Reaching to the Choir

R.S. Mitchell

For all the symphonic splendor,
how quickly we up and render
a coterie into a crowd
(bumptious, brazen, and very loud)
before the maestro leaves the stage,
despite the blaring program page,
which pleads in large, bold, roman font
PLEASE DO NOT. For it is our wont
to bustle on our breathless routes,
a trodden troop of resolutes,
hacking, feverish, ill at ease,
resolved to hear no melodies
upon this dark atonal night,
no tunes that can’t be heard on sight.

Who needs the grand old luthier,
his toothless grin grown toothier?
He was always absent anyway,
did naught for no amount of pay,
furnished us free with instruments
but smoothed our savage dissonance
with music made of mythic modes.
Numinous nonsense! Loads of goads!
Strum harder then upon your lute
(chanting “I do not give a hoot”)
the dirty ditties of disdain,
the quaint concerto of your brain,
for all that’s sung of human tongue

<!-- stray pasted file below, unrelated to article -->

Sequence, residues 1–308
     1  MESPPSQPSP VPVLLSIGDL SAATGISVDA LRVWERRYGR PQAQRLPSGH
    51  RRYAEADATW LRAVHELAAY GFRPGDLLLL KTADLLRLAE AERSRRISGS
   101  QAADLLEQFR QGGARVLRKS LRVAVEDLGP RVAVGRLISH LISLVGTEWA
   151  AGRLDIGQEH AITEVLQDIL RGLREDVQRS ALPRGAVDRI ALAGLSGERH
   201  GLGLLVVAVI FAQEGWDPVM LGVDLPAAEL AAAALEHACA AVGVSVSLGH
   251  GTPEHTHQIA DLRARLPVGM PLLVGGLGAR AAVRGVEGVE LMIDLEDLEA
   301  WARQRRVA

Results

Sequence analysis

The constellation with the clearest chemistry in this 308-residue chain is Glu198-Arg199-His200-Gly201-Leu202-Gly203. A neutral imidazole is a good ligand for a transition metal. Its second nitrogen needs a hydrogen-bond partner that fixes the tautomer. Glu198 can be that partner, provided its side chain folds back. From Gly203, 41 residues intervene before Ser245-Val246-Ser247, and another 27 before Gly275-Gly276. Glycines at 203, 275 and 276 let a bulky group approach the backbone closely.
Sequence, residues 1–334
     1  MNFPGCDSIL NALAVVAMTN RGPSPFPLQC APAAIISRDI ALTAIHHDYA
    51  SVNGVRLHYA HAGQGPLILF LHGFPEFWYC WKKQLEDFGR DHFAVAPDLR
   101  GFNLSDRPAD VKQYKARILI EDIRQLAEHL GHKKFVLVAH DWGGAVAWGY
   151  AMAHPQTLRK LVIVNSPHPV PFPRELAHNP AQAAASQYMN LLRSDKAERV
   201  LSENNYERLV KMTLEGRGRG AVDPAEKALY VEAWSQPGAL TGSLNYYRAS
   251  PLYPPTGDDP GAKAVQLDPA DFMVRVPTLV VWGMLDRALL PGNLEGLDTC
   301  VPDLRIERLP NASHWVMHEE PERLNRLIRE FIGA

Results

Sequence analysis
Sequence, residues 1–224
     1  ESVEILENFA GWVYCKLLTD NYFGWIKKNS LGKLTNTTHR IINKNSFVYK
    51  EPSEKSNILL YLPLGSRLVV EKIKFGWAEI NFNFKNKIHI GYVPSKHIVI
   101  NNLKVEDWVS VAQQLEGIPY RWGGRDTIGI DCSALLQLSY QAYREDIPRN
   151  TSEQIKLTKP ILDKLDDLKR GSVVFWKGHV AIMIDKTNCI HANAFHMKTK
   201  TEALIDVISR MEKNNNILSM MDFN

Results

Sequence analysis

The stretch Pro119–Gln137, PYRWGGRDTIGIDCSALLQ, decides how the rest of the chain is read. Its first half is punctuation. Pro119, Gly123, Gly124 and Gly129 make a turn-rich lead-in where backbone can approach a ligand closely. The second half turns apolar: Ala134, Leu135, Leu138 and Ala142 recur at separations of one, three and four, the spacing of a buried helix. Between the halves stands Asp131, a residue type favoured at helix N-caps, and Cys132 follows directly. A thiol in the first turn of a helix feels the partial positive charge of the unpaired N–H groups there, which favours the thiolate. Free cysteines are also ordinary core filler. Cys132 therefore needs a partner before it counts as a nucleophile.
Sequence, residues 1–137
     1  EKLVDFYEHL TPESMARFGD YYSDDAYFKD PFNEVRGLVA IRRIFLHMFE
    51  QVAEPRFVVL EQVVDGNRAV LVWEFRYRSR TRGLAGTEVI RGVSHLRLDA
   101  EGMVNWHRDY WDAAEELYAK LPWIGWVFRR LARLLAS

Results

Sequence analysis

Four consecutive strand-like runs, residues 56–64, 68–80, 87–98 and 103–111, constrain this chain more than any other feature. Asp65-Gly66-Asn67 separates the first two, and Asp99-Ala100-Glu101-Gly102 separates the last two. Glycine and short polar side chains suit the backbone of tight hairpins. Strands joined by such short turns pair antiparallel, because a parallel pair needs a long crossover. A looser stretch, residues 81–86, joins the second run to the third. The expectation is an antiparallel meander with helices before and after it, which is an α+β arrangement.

will never faze Oblivion
when Time, with prompt banality,
wraps up the last vainglorious Me
and his super-simian antics
in the second law of thermodynamics.

Consider our cosmic station:
neither mean nor deviation,
a poor priest without a temple,
a self incomprehensible,
a nakedness never laid bare,
n = 1, the night’s daymare.
Why, it’s fine as funneled spacetime
and (cosmologists say) sublime
to leave the stage forevermore
as the cosmos bolts for the door,
blank back turned as it ever was,
bearing us neither hates nor loves
in its vacuous, pointless breast—
uncreated, uncursed, unblessed.

This logic without a premise
is none of your mystic business.
Think not do-re-mi. Think “fah”
and never on the octave “Ha!”
It’s just a dumb, stochastic hoax.
Bach and Mozart? Practical jokes.
And still a question slithers in.
Of all the worlds that might have been
we find it odd that there should be
a cosmos with a middle C.
Unless they’re strung for tremolos
guts don’t fart arpeggios,
and yet they claim this cosmos did.
Call purpose inscrutably hid
and Logos not light in darkness
but a guttering candle’s crisis
and all true lamps equally dim:
do you—or don’t you—raise a hymn?

R.S. Mitchell is a writer and editor based in Crozet, Virginia, where he lives with his wife and two daughters. He blogs at